The immune system can participate in the elimination of tumor cells. This is possible because tumors bear specific markers on their surface, known as tumor antigens. Scientists focus on tumor antigenic peptides recognized by a specific subset of white blood cells called T lymphocytes or T cells, which are able to kill tumor cells bearing these tumor antigens. However, because spontaneous T cell responses to tumors are rarely efficient at eliminating tumors, researchers and clinicians are trying to develop immunotherapies, such as anti-tumor vaccines and adoptive T cell transfer, which aim at helping the immune system of cancer patients to destroy their tumors. Better understanding of the nature and the expression profile of these targeted antigens is one key for the success of such therapies.
Since the discovery in 1991 of the first human T cell defined-tumor antigen, a growing number of tumor antigens are described at a regular pace, with dozens of them reported in the literature every year. In 2001, Drs. Pierre van der Bruggen, Vincent Stroobant, Nathalie Vigneron, and Benoit Van Den Eynde, scientists at the Brussels branch of Ludwig Cancer Research, started compiling what they thought were the most relevant human tumor antigens, and created a database. They selected a classification of antigenic peptides based on their tumor specificity because they are the most critical factor in determining their usefulness and, most importantly, the safety of their clinical use. Today, the database now comprises more than 450 tumor antigenic peptides as well as publications describing a host of potential antigenic targets.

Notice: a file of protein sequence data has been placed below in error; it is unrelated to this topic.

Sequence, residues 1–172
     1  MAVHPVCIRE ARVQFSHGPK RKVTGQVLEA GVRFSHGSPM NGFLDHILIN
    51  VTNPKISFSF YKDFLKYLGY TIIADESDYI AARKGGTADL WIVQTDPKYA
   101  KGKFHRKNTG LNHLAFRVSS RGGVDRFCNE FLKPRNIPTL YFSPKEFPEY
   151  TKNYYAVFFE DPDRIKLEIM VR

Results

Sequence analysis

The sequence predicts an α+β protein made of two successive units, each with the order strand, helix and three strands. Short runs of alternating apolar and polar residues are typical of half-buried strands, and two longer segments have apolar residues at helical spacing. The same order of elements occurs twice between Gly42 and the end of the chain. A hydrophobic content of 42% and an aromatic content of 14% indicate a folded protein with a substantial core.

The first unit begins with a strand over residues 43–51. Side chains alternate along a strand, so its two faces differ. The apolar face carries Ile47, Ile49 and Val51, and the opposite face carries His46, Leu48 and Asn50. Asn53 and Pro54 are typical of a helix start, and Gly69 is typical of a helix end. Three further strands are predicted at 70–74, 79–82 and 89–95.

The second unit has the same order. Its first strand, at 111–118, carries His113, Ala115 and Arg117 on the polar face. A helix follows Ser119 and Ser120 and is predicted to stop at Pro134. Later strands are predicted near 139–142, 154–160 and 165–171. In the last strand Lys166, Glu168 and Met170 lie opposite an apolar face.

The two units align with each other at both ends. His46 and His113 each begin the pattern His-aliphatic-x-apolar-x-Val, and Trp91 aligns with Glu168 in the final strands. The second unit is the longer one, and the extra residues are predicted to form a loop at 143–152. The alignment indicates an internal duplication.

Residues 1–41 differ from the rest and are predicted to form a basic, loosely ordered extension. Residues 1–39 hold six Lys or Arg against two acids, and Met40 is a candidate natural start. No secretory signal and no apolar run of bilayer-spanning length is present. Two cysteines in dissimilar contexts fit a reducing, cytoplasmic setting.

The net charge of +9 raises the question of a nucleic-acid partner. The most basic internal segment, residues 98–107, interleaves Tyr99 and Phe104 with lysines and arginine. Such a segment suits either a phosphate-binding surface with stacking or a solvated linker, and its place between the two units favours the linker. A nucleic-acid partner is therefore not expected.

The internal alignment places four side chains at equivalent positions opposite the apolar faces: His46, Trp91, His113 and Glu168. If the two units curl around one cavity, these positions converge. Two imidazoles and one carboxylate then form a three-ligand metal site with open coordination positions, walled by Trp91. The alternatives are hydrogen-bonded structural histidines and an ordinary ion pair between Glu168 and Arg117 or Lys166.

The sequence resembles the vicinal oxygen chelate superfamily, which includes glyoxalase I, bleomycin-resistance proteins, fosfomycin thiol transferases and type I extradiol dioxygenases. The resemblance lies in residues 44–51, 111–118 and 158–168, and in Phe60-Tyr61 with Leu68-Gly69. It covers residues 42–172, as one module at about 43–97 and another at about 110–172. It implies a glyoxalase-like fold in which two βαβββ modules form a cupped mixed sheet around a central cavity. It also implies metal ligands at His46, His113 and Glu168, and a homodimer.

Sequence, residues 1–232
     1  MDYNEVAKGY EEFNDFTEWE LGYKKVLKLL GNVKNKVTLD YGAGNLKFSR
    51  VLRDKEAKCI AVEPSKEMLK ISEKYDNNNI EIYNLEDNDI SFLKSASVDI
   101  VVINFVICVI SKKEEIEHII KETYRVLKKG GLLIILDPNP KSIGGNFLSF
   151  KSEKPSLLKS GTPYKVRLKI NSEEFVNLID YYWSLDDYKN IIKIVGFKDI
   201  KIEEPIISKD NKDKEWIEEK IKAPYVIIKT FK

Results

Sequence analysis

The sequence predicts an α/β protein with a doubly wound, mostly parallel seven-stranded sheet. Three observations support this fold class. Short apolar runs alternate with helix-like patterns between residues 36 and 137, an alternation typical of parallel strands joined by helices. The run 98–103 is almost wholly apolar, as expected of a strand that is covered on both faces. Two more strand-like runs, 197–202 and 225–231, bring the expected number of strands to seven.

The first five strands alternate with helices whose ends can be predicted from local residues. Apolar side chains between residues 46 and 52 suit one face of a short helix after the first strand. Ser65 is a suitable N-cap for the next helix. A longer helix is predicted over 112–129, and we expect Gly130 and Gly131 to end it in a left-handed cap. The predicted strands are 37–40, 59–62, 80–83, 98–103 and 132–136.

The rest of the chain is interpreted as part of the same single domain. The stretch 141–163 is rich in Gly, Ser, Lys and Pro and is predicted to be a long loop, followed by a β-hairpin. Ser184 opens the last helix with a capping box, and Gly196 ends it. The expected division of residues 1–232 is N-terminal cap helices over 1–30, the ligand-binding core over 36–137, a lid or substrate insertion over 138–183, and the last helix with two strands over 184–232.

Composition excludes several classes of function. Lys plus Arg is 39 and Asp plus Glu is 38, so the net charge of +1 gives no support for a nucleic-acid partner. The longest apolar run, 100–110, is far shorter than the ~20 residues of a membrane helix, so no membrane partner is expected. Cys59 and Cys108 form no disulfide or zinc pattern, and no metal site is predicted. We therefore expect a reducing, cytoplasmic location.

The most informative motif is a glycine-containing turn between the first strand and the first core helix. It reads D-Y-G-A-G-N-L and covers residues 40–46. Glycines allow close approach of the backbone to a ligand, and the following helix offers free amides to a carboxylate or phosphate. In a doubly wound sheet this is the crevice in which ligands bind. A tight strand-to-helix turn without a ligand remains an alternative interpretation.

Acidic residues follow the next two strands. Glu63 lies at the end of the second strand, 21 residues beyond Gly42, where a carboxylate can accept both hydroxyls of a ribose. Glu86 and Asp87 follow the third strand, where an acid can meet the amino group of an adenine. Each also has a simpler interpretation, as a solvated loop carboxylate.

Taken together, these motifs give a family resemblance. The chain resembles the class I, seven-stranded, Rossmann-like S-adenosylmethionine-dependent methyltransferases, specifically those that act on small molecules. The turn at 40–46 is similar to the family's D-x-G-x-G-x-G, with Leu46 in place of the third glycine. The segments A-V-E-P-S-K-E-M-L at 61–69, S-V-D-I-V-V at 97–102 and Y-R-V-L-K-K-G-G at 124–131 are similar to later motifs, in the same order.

As part of the Cancer Research Institute’s former open access journal, Cancer Immunity, the Peptide Database became an important tool for its readers. “The database is primarily designed to provide the scientific community with an open view of the nature and diversity of the tumor antigens available to date for cancer immunotherapy,” says van der Bruggen. Because the authors wanted the database to be useful to clinicians, they included only the peptides that were fully validated, i.e., whose characterization was comprehensive and fully demonstrated the existence, nature, immunogenicity and, most importantly, the natural presentation of these antigenic peptides by tumor cells. Those candidate peptides whose comprehensive characterization was not reported were listed in an additional category of “potential peptides,” awaiting further characterization.
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